IOC, IAAF look at bright side of new doping cases
International officials are looking at the bright side of the
latest doping scandals to jolt track and field.
The positive tests that nabbed top-name sprinters Tyson Gay,
Asafa Powell and Sherone Simpson are disappointing but also proof
that global drug-testing efforts are working, the IOC and IAAF said
The cases, which were disclosed Sunday, come less than a month
before the World Championships in Moscow and cast another drug
shadow over what is considered the marquee sport of the
”I am naturally disappointed, and I would like to reiterate our
zero-tolerance policy against doping,” IOC President Jacques Rogge
said in a statement to The Associated Press. ”Clearly, the fight
against doping can never be totally won, but these cases do once
again show the effectiveness of the strong, sophisticated and
continually evolving battle against doping in sport being waged by
the International Olympic Committee and its partners in the Olympic
Gay, the American-record holder in the 100 and the fastest man
at the distance this year, said he tested positive for a banned
substance in an out-of-competition doping control on May 16. He
hasn’t identified the substance and is awaiting the testing of his
backup ”B” sample.
Powell, the former world-record holder in the 100 and
second-fastest man this year, tested positive for the stimulant
oxilofrine at Jamaica’s national championships last month. Jamaican
teammate Simpson, a three-time Olympic medalist, tested positive
for the same stimulant.
On Monday, Adidas suspended its sponsorship of Gay, who has
endorsed the German shoe and sports manufacturer since 2005. The
company invoked a clause in Gay’s contract relating to doping.
”We are shocked by these recent allegations, and even if we
presume his innocence until proven otherwise, our contract with
Tyson is currently suspended,” Adidas said in a statement.
Also Monday, Italian police confiscated unidentified substances
in a raid on the hotel where Powell and Simpson were staying. Rooms
of the athletes and physical trainer Christopher Xuereb of Canada
were searched and drugs and supplements were seized, Udine police
captain Antonio Pisapia told The Associated Press.
Pisapia said it was unclear if the substances were illegal, and
that they were being analyzed.
”We are examining the substances now,” Pisapia said. ”No
arrests have been made and nobody has been placed under
The raid took place at the Fra i Pini hotel in Lignano
Sabbiadoro in northeastern Italy.
The doping positives come a month after another Jamaican Olympic
champion, Veronica Campbell-Brown, tested positive for a banned
In recent years, the IOC and International Association of
Athletics Federations have focused on increased out-of-competition
testing and storage of samples for retesting and retroactive
sanctions. The IAAF and some other sports now use the blood
passport system, which monitors an athlete’s biological profile
over time for signs of cheating.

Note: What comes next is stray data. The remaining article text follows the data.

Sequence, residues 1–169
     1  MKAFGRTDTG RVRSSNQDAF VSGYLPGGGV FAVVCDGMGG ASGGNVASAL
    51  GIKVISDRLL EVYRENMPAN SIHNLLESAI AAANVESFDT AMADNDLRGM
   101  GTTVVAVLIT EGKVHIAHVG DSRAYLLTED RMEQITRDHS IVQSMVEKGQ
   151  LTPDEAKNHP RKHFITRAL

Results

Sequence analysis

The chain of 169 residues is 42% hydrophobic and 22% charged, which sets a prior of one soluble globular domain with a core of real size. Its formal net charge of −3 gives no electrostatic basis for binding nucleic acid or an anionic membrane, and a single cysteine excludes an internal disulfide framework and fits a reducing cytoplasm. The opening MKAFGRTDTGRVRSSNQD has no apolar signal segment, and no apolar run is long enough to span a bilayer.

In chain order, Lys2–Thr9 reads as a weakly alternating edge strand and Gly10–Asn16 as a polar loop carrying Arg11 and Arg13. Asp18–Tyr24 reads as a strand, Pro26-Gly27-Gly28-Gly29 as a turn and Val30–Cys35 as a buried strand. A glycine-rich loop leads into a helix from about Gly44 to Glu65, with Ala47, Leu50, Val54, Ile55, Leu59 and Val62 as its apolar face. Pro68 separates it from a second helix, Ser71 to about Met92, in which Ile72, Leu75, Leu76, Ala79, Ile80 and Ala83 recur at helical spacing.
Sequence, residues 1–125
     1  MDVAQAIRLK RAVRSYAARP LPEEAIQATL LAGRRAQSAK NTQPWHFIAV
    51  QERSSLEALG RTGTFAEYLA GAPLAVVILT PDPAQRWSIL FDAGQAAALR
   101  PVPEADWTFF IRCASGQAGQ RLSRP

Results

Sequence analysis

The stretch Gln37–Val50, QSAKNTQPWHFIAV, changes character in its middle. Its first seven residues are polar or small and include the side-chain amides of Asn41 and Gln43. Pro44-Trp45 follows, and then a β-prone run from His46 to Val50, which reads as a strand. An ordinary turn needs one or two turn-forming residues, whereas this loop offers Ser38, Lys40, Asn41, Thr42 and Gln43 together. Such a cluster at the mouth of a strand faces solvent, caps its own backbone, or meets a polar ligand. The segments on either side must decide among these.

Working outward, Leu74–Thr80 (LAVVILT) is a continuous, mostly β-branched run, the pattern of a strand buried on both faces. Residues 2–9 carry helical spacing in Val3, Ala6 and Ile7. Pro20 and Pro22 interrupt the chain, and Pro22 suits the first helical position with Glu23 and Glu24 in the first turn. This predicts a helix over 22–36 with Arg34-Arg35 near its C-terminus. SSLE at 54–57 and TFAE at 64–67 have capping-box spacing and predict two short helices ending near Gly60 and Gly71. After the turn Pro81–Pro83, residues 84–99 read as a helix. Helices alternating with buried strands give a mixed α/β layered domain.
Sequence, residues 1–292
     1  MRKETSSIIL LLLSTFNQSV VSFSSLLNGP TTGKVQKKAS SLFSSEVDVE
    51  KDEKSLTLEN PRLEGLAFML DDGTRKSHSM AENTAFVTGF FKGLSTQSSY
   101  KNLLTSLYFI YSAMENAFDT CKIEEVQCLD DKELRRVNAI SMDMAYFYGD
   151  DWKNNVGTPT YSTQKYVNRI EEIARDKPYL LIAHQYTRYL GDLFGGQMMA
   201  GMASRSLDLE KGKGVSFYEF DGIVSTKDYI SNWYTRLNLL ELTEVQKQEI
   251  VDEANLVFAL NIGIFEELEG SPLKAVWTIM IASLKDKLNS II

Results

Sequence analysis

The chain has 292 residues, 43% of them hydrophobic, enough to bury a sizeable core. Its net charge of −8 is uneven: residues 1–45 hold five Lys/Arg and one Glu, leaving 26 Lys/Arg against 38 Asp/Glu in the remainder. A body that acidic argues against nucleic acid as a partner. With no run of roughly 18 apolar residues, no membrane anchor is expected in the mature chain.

”While not perfect, the methods are ever improving, with blood
passports and the ability to test athletes 24/7 in and out of
competition proving to be effective in catching cheats and acting
as deterrents,” Rogge said. ”We also keep samples for eight years
now so that improvements in testing can catch cheats long after the
games are over.”
IOC vice president Thomas Bach, who leads the committee’s
investigations into Olympic doping cases, said the latest news is
”disappointing and encouraging at the same time.”
”Should all the information be confirmed at the end of the day
it would be a great disappointment that some athletes obviously
haven’t yet understood that there is zero tolerance in the fight
against doping,”’ the German said. ”Catching the cheats is
important but only a means to the end of protecting the clean
”At the same time yesterday’s news is encouraging because it
proves that the system of testing is working and no cheat is on the
safe side. The fight against doping takes time and will never be
ending but we are fighting it with all the necessary
The IAAF, which carries out more tests than any other
international federation, also sought to emphasize the positive
from the latest body blow to the sport.
”The IAAF’s commitment to anti-doping in athletics is
unwavering because we have an ethical obligation to the majority of
athletes who believe in clean sport,” IAAF spokesman Nick Davies
said. ”It is for them that we have built a program that is well
resourced, far reaching and sophisticated
”The fact that we are able to detect and remove from the sport
athletes who have breached our anti-doping rules should be seen in
this context. The credibility of our anti-doping program, and the
sport of athletics, is enhanced, not diminished, each time we are
able to uncover a new case and we have the committed support of
every athlete, coach or official who believes in clean sport.”
The spate of high-profile drug cases has again focused attention
on the issue of doping sanctions.
A two-year ban is the standard penalty for a first serious
offense, though the punishment can be lighter for stimulants and in
cases where athletes can prove there was no intention to enhance
Under the proposed new World Anti-Doping Code, the standard
penalty will be doubled to four years, still short of the automatic
lifetime ban espoused by some officials.
AP Sports Writers Andrew Dampf in Rome and Rob Harris in London
contributed to this report.